In the budgeting/money management category, we’re going to talk about writing a check. A basic check looks like this:

image of a blank check

The check writer’s name goes in the top left corner and the check number is in the top right. The date goes below the check number. On the “Pay to the Order Of” line, that’s where the writer puts the recipient’s name, such as Suzie Homemaker or Santa Fe City Works. The $ is where the amount of the check (how much money) should be written, i.e. $1,298.62. The line underneath the Pay to the Order of line, beside the word “Dollars”, is where the full amount is written out, such as Twelve hundred ninety-eight and sixty-two or one thousand two hundred ninety-eight and sixty-two. The memo line tells the recipient, the writer and the banks what the check does or who it is for – such as “Rent”. The line on the other side of the memo line is where the writer signs his/her name, such as Suzy Homemaker.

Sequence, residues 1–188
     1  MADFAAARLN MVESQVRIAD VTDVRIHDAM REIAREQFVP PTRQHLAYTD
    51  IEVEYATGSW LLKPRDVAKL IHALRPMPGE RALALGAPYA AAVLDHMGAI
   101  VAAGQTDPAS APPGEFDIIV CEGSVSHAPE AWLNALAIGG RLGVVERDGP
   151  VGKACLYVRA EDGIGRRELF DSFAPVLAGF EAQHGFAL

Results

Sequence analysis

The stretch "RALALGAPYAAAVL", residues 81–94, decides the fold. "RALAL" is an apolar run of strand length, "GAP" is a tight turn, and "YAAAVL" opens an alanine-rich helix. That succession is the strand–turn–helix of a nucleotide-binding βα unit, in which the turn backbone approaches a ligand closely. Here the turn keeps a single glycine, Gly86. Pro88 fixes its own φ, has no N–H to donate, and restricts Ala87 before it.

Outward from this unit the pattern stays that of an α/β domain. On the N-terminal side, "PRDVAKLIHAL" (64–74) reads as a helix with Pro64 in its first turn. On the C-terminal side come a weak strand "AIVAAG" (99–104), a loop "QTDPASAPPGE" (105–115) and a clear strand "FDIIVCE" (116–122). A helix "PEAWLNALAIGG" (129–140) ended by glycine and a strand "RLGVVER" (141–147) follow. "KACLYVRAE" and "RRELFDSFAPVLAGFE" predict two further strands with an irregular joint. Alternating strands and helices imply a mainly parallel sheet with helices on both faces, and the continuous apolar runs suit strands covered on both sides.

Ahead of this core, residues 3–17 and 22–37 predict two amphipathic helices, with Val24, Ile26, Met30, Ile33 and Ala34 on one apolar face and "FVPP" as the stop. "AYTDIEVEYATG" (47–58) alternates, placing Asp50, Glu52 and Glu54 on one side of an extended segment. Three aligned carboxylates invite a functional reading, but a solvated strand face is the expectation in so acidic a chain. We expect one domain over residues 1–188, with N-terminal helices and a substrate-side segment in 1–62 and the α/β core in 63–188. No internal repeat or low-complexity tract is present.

image of blank check with fake account number and routing number

Under the memo line is a group of numbers. The first string is the routing number – this tells the recipient’s bank which bank the writer uses (which bank the check is drawn on). The second string is the account number – it tells the recipient’s bank whose checking account to use. The third string is the check number (it should match the number on the top right of the check).

The completed check should be filled out similarly:

personal check with fake information filled out

When one receives a check, in order to cash or deposit it, one must flip the check over and sign his/her name. Including the recipient’s account or access number on the back helps the bank more accurately deposit the funds into the correct account.

back of check endorsed check



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